Hunters funded eagle recovery
Sunday, February 4, 2018
The Daily Reflector’s recent article “Bald eagle dies of lead poising” paints a dire picture of single bald eagle brought into Cape Fear Raptor Center in Rocky Point. The illness and death of an eagle is distressing to hunters who value wildlife. However, it is misleading to warn hunters that their activities using traditional ammunition pose the greatest threat to this national icon.
In fact, hunters have been on the leading edge of bringing eagles back to North Carolina and the rest of the United States.
More than $12 billion dollars has been paid through the Pittman-Robertson excise tax supported by the sale of firearms and ammunition since 1937. That funded recovery efforts to allow federal authorities to take bald eagles off endangered species list in 1995 and threatened species list in 2007. The U.S. Fish and Wildlife Service estimates there are 10,000 nesting pairs of bald eagles in the lower 48 states. As recently as 1983, there were no bald eagles flying over the Tarheel State. In 2015, the Wildlife Resources Commission counted 192 nesting pairs calling North Carolina home, from the coast to the mountains.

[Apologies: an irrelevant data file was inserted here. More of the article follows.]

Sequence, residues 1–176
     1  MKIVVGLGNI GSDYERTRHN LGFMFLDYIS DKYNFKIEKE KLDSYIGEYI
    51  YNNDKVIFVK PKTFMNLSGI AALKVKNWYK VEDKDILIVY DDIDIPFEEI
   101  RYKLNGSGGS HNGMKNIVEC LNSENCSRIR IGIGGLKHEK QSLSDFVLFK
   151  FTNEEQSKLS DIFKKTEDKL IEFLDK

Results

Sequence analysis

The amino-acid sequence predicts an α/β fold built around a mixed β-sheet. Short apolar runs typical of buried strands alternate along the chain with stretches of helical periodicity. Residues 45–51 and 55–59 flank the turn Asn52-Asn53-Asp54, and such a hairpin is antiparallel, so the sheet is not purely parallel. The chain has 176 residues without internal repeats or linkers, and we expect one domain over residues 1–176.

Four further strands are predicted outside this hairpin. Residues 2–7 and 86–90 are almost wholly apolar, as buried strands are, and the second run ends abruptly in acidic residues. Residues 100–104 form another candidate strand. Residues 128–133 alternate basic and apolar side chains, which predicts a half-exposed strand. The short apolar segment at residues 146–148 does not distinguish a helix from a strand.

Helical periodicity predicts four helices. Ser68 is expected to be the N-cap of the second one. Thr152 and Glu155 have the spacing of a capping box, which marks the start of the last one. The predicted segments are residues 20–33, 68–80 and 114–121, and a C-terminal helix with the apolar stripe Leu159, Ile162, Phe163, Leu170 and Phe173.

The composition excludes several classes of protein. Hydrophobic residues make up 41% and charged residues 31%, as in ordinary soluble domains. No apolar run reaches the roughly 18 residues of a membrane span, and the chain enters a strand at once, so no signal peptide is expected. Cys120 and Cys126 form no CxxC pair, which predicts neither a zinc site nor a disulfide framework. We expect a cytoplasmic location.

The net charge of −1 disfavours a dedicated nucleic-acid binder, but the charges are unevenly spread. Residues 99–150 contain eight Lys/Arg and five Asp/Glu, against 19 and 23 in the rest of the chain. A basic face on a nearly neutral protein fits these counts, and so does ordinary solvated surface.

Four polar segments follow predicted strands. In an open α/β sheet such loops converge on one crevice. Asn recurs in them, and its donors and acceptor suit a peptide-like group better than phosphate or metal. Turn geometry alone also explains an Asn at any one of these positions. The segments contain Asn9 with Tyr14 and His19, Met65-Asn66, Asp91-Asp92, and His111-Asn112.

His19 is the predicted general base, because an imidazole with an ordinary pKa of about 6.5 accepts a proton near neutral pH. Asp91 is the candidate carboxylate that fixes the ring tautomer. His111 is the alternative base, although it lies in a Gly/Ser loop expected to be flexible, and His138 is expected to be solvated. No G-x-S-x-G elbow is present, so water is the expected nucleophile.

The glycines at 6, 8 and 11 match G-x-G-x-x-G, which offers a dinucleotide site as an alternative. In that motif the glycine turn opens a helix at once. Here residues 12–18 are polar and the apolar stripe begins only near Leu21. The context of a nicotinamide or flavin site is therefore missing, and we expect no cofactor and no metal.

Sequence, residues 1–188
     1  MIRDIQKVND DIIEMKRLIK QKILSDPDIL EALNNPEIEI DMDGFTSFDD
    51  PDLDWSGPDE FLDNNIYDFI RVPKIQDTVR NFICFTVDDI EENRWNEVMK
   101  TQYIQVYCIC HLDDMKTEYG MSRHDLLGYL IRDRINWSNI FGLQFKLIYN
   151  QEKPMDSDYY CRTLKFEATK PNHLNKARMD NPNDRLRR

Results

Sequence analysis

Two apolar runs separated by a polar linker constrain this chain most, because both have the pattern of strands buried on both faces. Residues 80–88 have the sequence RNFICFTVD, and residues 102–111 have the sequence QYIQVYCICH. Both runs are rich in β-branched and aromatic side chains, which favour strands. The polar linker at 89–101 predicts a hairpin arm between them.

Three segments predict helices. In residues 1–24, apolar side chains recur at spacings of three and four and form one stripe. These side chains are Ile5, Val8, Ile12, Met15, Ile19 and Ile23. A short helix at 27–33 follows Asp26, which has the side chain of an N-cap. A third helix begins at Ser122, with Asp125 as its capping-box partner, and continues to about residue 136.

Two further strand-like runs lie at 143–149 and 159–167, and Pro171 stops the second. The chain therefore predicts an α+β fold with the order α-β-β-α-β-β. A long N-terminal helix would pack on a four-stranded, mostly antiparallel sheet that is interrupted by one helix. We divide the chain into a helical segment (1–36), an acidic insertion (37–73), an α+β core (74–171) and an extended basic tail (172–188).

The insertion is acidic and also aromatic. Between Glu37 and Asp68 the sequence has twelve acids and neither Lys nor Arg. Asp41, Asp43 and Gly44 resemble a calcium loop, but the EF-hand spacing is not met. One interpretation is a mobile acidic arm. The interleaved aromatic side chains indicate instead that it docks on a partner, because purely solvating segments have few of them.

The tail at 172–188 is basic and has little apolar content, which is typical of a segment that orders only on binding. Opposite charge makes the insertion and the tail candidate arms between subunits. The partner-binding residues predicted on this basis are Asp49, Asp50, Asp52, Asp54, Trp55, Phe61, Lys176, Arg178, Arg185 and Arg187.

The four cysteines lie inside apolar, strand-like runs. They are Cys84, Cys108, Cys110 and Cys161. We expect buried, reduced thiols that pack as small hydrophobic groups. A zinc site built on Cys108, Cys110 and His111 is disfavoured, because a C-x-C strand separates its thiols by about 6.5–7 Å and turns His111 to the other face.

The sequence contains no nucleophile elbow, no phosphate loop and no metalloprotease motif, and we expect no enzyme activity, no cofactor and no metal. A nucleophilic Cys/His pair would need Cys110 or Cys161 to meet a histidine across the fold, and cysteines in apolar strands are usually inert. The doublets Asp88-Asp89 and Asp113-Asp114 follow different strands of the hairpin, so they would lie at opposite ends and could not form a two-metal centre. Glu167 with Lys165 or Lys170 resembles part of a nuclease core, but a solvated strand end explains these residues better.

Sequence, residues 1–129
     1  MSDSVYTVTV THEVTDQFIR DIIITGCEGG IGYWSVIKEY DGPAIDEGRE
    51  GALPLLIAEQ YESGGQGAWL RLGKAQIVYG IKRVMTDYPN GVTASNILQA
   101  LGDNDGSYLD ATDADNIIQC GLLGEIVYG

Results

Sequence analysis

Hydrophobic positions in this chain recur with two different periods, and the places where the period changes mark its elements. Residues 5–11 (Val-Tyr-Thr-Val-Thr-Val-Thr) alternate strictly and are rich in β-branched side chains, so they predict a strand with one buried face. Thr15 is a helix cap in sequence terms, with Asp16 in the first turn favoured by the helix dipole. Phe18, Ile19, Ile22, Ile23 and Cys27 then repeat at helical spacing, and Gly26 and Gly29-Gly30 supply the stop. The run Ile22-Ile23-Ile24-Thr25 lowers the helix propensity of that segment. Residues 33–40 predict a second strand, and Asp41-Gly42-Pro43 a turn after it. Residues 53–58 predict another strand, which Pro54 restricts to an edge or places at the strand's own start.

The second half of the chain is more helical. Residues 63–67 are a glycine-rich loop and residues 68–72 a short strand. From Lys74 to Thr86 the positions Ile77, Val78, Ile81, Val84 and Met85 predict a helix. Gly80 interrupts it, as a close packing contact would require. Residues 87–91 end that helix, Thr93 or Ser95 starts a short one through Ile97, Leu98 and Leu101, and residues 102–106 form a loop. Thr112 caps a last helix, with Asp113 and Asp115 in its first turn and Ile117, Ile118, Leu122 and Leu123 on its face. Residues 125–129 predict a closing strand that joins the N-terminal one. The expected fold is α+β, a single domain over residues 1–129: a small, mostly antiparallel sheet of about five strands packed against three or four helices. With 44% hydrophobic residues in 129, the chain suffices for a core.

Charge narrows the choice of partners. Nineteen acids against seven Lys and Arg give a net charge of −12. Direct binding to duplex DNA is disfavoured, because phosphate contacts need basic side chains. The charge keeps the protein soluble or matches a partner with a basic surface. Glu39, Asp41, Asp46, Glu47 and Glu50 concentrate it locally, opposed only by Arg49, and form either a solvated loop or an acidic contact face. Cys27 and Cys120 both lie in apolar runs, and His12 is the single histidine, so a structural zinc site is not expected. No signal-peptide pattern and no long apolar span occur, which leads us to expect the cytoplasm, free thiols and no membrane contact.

We all want to ensure healthy eagle populations. Blaming hunters and their ammunition is unneeded and potentially detrimental to ensuring we continue to see sustainable eagle populations soaring in our skies.
Lawrence G. Keane
Senior vice president and general counsel, National Shooting Sports Foundation